Soldier Accused of Rape Attempt in Mon State
By Lawi Weng 29 January 2014
RANGOON — A Burma Army soldier based in Mon State’s Thanbyuzayat Township allegedly beat and attempted to rape an ethnic Mon woman on Saturday night, according to local Mon leaders, who said that the hospitalized victim had filed a lawsuit against the soldier.
The 43-year-old victim was attacked by a soldier of Artillery Battalion 315, which is based in Yaw Tha Yar village in Thanbyuzayat Township, according to Kyae Kyae Nyi, a member of the Mon Democracy Party, and Nai Ong Ma-nge, a central committee member of the New Mon State Party.
They said the woman, a mother of seven, was tapping rubber late at night when a soldier beat her as he tried to rape her, adding that about an hour she was able to finally flee.
A village head later found the identity card of the soldier at the site and went to Battalion 315’s commanders, who told him that they would provide free medical care to the victim if she refrained from filing a complaint with the police, the Mon leaders said.
The victim was brought to Thanbyuzayat Township Hospital but was so badly injured that she had to be transferred to a hospital in the Mon State capital Moulmein, where many local community leaders visited her to offer support.
“Firstly, she told us that she worried too much about her family’s security to sue the perpetrator. But finally she agreed to bring this case to the court,” said Kyae Kyae Nyi. She said local leaders had arranged a lawyer for the victim and on Wednesday she filed a complaint with Thanbyuzayat Township police.
“It is important to bring this case to court because many of our Mon people are afraid of the army and did not dare to do it. We brought in a lawyer for her already,” said Nai Ong-Ma-nge.
Recently, on Dec. 24, a soldier of Infantry Battalion 31, based in Mon State’s Ye Township, allegedly tied up and raped a 13-year-old girl. The Burma Army’s Southeast Regional Command launched an investigation into the case and the soldier has reportedly been detained at his barracks, Mon leaders said on Jan. 15.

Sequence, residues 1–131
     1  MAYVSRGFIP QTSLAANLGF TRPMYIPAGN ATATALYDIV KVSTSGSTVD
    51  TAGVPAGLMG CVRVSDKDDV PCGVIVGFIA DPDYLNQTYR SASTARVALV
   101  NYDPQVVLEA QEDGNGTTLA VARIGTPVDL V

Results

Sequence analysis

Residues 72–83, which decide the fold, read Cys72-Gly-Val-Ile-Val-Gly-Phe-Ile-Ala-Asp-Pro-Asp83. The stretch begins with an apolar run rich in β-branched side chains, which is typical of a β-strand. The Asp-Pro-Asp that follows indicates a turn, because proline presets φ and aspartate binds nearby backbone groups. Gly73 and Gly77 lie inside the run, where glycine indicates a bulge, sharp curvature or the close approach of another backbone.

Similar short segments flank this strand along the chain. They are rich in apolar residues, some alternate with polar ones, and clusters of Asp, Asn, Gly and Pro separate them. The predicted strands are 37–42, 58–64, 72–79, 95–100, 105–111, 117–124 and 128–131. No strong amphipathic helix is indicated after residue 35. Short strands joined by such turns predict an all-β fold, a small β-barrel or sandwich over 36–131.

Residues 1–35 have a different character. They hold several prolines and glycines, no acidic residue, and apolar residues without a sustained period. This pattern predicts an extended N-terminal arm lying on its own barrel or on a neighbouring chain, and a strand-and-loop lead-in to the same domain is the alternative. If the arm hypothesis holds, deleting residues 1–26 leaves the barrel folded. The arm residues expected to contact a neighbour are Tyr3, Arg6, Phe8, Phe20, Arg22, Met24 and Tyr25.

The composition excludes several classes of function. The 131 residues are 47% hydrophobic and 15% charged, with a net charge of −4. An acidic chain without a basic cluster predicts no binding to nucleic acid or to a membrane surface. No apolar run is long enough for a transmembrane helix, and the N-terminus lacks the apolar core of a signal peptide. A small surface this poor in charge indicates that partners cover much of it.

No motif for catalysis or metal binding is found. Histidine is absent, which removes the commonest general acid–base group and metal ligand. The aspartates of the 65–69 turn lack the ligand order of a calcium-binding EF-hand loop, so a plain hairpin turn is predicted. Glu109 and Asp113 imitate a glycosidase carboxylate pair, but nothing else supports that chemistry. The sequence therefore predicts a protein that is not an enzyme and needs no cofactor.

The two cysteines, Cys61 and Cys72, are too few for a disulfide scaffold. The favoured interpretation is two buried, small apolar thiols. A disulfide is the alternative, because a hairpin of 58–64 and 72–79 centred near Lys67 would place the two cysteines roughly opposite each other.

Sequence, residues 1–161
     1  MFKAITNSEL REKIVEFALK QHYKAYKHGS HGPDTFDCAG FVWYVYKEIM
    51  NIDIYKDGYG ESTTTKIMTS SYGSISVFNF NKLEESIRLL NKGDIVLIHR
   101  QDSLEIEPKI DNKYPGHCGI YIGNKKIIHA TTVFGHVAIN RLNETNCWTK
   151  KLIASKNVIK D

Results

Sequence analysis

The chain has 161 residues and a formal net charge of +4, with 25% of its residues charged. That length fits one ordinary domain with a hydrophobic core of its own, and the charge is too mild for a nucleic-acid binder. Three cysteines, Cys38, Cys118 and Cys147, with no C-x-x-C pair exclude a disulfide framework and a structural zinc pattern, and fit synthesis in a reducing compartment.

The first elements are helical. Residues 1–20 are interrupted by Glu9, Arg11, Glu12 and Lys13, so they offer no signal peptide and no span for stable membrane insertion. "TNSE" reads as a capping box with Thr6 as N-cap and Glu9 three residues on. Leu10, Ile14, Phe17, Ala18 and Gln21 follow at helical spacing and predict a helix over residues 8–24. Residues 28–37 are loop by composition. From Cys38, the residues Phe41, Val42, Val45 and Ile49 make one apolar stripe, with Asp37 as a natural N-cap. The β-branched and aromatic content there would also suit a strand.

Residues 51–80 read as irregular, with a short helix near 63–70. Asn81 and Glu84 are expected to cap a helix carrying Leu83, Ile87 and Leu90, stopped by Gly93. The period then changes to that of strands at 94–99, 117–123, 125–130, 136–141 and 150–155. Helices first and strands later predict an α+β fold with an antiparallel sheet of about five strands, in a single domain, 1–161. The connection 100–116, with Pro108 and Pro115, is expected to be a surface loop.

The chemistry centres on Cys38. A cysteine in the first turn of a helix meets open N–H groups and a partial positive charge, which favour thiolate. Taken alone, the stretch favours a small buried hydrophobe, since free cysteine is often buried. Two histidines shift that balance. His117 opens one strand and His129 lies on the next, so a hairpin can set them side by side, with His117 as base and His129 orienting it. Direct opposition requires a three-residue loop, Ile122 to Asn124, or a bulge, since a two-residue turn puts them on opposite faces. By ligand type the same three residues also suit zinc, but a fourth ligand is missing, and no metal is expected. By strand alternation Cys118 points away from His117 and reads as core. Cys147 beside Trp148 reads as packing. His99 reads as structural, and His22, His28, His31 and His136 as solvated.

The Mon Women’s Organization and the Human Rights Foundation of Monland, however, raised concerns over the case, saying they feared that the soldier would escape criminal punishment.
In cases where soldiers are accused of crimes, including rape, it is common for the Burma Army to apply its own disciplinary processes, which are opaque and deliver lenient punishments.
Despite political reforms and ceasefires with most major rebel groups, the army remains a heavy presence in southern Mon State, where the New Mon State Party until recently fought a low-level insurgency.
Local Mon rights groups said the military had failed to change its practices and reports of sexual abuse continue in areas where troops are stationed to secure new development projects in the resource-rich state.
In mid-January, the Thailand-based Women’s League of Burma issued a report accusing the Burmese military of using rape as a weapon in the country’s various ethnic conflict zones.
The report, bringing together information for a number of women’s groups based in ethnic areas, said it had found more than 100 cases of women and girls being raped by soldiers since 2010.